Grace Mott Johnson (1882-1967) was born in New York City. She began drawing when she was four years old, and when the family moved to a farm in 1900 she enjoyed sketching horses and other farm animals. At the age of 22 she left home to study at the Art Students' League with sculptors Gutzon Borglum and James Earle Fraser, and also attended Birge Harrison's painting class in Woodstock. Throughout her career she would sculpt animals from memory, and would often attend circuses and farms for inspiration.
In 1909 Johnson and Dasburg went to Paris and joined the modernist circle of artists living there, including Morgan Russell, Jo Davidson, and Arthur Lee. During a trip to London that same year they were married. Johnson returned to the United States early the next year, but Dasburg stayed in Paris where he met Henri Matisse, Gertrude and Leo Stein, and became influenced by the paintings of Cezanne and Cubism. He returned to Woodstock, New York in August and he and Johnson became active members of the artist community. In 1911 their son Alfred was born. Both Dasburg and Johnson showed several works at the legendary Armory Show in 1913, and Dasburg also showed at the MacDowell Club in New York City, where he met the journalist and activist John Reed who later introduced him to Mabel Dodge (Luhan), a wealthy art patron and lifelong friend. In 1914 Dasburg met Alfred Stieglitz and became part of his avant-garde circle. Using what he had seen in Paris, Dasburg became one of the earliest American cubist artists, and also experimented with abstraction in his paintings.
Dasburg and Johnson lived apart for most of their marriage. By 1917 they had separated and Dasburg began teaching painting in Woodstock and in New York City. In 1918 he was invited to Taos, New Mexico by Mabel Dodge, and returning in 1919, Johnson joined him there for a period of time. Also in 1919, Dasburg was one of the founding members of the Woodstock Artists Association with John F. Carlson, Frank Swift Chase, Carl Eric Lindin, and Henry Lee McFee. In 1922 Dasburg and Johnson divorced, and also at that time he began living most of the year in Santa Fe with Ida Rauh, spending the rest of the year in Woodstock and New York City. Dasburg became an active member of the Santa Fe and the Taos art colonies, befriending many artists and writers living in these communities, and remaining close friends with Mabel Dodge Luhan. Here he moved away from abstraction, and used the southwestern landscape as the inspiration for his paintings.
In 1928 he married Nancy Lane. When that marriage ended in 1932, he moved permanently to Taos, and with his third wife, Marina Wister, built a home and studio there. Dasburg periodically taught art privately and at the University of New Mexico. In 1937 he was diagnosed with Addison's disease, which left him unable to paint again until 1946. In 1945 he and his wife Marina separated. Dasburg was recognized for his career as an artist in a circulating retrospective organized by the American Federation of Arts in 1959. He also had retrospectives in Taos in 1966 and 1978. His artwork influence several generations of artists, especially in the southwest, and he continued creating art until his death in 1979 at the age of 92.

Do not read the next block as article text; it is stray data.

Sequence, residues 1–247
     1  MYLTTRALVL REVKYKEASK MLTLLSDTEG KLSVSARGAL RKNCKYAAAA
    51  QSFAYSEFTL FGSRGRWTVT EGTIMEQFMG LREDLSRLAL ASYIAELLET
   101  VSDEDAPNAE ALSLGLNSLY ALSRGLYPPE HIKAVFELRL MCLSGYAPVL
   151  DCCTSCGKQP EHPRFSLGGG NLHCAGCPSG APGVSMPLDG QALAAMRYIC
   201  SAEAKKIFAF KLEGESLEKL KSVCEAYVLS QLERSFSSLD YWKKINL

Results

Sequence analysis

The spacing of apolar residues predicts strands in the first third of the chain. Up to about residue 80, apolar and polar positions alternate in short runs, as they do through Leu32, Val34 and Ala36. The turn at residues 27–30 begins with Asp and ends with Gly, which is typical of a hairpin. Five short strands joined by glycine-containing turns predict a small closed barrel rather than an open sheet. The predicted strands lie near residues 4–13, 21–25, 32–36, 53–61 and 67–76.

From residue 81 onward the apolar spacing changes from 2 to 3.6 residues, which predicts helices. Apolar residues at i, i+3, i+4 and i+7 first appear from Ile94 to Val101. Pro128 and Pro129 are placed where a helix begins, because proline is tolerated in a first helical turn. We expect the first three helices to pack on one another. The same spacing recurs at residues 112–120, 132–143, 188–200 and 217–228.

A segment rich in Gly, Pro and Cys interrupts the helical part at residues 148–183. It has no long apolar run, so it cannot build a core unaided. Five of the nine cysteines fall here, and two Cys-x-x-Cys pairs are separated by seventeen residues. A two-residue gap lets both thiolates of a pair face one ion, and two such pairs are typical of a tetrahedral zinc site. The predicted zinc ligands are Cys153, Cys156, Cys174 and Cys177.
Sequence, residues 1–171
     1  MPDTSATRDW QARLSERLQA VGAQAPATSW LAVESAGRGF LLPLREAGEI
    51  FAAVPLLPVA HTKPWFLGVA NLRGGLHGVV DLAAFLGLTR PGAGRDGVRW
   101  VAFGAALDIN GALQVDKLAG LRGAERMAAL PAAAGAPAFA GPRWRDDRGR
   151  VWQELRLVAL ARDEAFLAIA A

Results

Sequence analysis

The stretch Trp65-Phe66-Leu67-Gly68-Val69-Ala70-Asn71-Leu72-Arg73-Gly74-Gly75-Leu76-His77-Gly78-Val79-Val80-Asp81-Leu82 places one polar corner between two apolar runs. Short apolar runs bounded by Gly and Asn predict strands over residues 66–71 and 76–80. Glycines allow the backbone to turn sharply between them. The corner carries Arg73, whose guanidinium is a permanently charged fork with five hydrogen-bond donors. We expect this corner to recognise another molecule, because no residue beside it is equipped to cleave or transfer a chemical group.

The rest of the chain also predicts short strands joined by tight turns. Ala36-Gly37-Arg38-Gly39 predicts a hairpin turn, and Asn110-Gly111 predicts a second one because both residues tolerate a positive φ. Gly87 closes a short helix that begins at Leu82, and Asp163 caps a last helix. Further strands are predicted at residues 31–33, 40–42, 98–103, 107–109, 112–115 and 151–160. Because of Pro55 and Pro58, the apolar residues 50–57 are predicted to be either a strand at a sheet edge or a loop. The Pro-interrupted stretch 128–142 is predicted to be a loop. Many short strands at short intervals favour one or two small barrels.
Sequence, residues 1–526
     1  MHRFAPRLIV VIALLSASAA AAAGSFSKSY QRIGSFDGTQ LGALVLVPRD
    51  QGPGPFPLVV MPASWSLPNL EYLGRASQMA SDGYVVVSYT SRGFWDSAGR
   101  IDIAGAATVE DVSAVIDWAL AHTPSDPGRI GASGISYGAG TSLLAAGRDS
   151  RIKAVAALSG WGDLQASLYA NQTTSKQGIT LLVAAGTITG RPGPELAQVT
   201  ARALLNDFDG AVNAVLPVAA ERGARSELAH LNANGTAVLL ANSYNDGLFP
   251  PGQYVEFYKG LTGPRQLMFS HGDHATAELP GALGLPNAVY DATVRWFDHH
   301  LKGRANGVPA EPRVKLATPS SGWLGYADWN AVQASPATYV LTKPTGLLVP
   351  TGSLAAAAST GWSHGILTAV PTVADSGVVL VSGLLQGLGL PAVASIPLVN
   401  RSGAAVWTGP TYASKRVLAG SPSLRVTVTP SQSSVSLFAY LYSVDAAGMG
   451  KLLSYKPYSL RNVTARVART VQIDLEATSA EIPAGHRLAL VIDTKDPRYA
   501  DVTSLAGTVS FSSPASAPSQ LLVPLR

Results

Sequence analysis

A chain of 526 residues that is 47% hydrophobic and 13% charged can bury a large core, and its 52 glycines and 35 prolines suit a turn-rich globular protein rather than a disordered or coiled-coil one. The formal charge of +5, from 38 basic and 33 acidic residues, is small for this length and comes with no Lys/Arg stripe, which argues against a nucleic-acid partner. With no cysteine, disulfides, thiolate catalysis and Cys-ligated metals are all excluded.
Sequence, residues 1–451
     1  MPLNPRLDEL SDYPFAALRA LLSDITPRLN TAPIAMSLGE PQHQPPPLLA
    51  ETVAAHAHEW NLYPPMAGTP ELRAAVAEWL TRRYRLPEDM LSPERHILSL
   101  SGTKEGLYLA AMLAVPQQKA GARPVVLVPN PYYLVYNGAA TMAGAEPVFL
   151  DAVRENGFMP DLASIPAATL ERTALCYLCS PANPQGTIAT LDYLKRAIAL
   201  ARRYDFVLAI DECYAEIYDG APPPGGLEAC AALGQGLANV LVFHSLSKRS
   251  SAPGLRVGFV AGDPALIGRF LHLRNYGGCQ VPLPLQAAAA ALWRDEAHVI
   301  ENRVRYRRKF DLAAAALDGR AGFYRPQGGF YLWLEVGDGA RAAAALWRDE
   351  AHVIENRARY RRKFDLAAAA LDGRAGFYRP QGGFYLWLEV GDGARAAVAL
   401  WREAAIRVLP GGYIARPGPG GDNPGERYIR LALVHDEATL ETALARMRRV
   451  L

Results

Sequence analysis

Grace Mott Johnson lived in the Johnson family home in Yonkers, New York during the 1920s and later moved to Pleasantville, New York. In 1924 she went to Egypt to study ancient Egyptian sculpture. During the 1930s she became a civil rights activist. She produced very little art during the last twenty years of her life.
Also found in the Archives of American Art are two oral history interviews with Andrew Dasburg, July 2, 1964 and March 6, 1974. Additional related collections at other repositories include the Andrew and Marina Wister Dasburg Papers at the New Mexico State Archives, the Andrew Dasburg Papers at Syracuse University Library, and the Grace Mott Johnson Papers at the Beinecke Rare Book and Manuscript Library, Yale University.
The Archives of American Art also holds microfilm of material lent for microfilming. Reel 2803 contains photocopies of ten Morgan Russell letters to Dasburg. Reels 4276-4278 include biographical material, subject files, photographs, correspondence, writings, and exhibition material. The photocopies on reel 2803 were discarded after microfilming, and the items on 4276-4278 were returned to the lender. This material is not described in the collection container inventory.
The Andrew Dasburg and Grace Mott Johnson papers were donated by their son, Alfred Dasburg, in 1980. Syracuse Univresity lent materials for microfilming in 1978 and 1989.
The collection has been digitized and is available online via AAA's website.